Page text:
Recent highlights from our visit to New York for Frieze, TEFAF and gallery exhibits.
Frieze New York Art Fair
Tanya Goel is interested in how to be a painter in a digital world. Goel elaborates on a dialogue for painting acknowledging the digital screens in which most of our information and images now reside, exploring both the limitations and the freedoms to be found within this flux. We love the energy of Tanya’s work…she literally draws from her urban environment – grinding tile, concrete, soil, etc. into pigments which are ultimately painted according to an algorithm in an exploration of light, color and form. Goel earned her MFA at Yale and was born and lives in Dehli. Her global perspective and the rigorous program at Yale result in really thoughtful and original work.
Ann Agee’s installation in P.P.O.W. gallery ‘s booth is a chromatically organized display of ceramic shoes, some quite realistic and others abstract. She began this project, entitled Hand Warmers in 2016. Inspired by late 17th or early 18th century Italian folk pottery, hand warmers are a tool Italian women would fill with warm water to keep their hands warm. Agee’s practice focuses on replicating objects by hand, a process employed to simulate mass production while using the slowest method possible. Her work investigates domesticity, material culture, feminism, and personal history to create ceramic sculptures and mixed media installations that explore appropriation, mimicry, and reproduction.
Carmen Argote explores notions of home and place. Interacting with architecture to reflect on personal histories and their own immigrant experience, Argote works with the places and materials that surround her, while utilizing local resources. These works are created flat and are inspired by the compositions created by street vendors…suggesting that the organization of wares says something about the seller. In making these works, Argote uses potato prints in order to literally place the mark onto the canvas. When the composition is hung on the wall, it affords us a different understanding of a familiar composition elevated through the gesture of pointing to it as painting. Argote is included in the upcoming Made in LA show at the Hammer Museum.
In the Spotlight section of the fair, Gallery 38 featured the ceramic work of Eiji Uematsu. His work is not based on a theme but rather a feeling of touching the clay he has dug out of the soil and forging a link between the conscious and the unconscious. Uematsu’s approach is both primal and intuitive and transcends the existing frameworks and methodologies of contemporary ceramics. He embraces the natural cracking and warping and celebrates the rough textures of earth and gravel of the raw clay. When viewing this work, you get the impression that each work naturally emerged in the form in which it is exhibited.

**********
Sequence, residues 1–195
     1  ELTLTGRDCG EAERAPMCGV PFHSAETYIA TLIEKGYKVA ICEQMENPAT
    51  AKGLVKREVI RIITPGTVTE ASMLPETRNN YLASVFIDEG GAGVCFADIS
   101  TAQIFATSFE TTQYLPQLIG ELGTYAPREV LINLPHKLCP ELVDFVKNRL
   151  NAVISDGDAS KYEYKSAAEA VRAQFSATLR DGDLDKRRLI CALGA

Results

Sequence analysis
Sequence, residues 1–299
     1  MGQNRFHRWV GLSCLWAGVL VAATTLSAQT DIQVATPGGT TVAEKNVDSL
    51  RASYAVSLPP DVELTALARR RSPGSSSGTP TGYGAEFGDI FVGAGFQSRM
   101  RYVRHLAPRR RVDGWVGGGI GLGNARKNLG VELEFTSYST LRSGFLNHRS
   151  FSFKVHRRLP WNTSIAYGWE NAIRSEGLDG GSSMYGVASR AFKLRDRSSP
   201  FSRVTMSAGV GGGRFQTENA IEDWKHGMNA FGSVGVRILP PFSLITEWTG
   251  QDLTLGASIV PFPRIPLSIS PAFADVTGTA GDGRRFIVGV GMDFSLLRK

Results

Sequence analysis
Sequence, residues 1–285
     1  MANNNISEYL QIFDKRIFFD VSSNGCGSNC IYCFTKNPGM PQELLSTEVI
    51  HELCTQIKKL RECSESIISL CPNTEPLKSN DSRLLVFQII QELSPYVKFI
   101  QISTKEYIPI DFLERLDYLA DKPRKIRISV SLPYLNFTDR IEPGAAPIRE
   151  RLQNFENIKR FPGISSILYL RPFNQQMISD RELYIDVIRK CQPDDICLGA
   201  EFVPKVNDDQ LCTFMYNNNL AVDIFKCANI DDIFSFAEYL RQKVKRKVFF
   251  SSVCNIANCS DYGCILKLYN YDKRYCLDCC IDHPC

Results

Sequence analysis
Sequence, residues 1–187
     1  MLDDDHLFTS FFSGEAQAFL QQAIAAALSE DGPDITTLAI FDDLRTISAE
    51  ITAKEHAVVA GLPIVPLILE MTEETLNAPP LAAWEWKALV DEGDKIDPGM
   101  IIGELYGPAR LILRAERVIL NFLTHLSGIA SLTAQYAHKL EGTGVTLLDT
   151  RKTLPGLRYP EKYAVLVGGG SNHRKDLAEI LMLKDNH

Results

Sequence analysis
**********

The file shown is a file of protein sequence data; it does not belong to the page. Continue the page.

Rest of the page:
Tobias Kaspar uses fashion and lifestyle items to reflect on the conflicted economy he is part of as an artist and consumer. Recurring methods in Kaspar’s work include the appropriation of a cosmetic consumer product. In these works, Kaspar is using hand woven couture fabrics that are samples for next season’s collections. Kaspar’s interest in appropriating the marketing mechanisms of trendsetting lies not with an interest in the images produced, but rather in questioning the underlying strategies of seduction.
Jeffrey Gibson’s abstract sculptures, paintings, and prints carry an autobiographical cultural inflection. Gibson’s influences range from 19th-century Iroquois beadwork to contemporary street art. As a part Choctaw and part Cherokee artist, his practice is a reaction to a nostalgic and romantic vision of pre-colonized Native American life.
Kayne Griffin’s booth beautifully paired artists Noboru Takayama and Mary Obering. Noboru Takayama explores themes of memory, the body, and the tension between opposing forces. Raised in the physical destruction and political unrest of post-World War II Japan, he often relates these concepts to the perils of modernization.
Mary Obering’s timeless works from the ’70s appear as fresh as if they were made today. Her language of contemporary abstraction with a sculptural point of view, is as relevant in todays contemporary art culture as it was in 1975. Obering identifies herself as a geometric art maker. In her earliest paintings she explored color and space by constructing fields of colored canvas, laying one piece on top of the other in vertical and horizontal orientations playing with ideas associated to color field and hard-edge painting.
The psychology of place resounds throughout Nick Goss’s practice. The landscapes are faintly familiar and his interiors and cityscapes layer memory and history. Goss’ technique involves adding layers of raw canvas, delicate washes, oil paint and silkscreen. The distorted and incomplete compositions evoke a fragmented impression of the eclectic subjects of the work.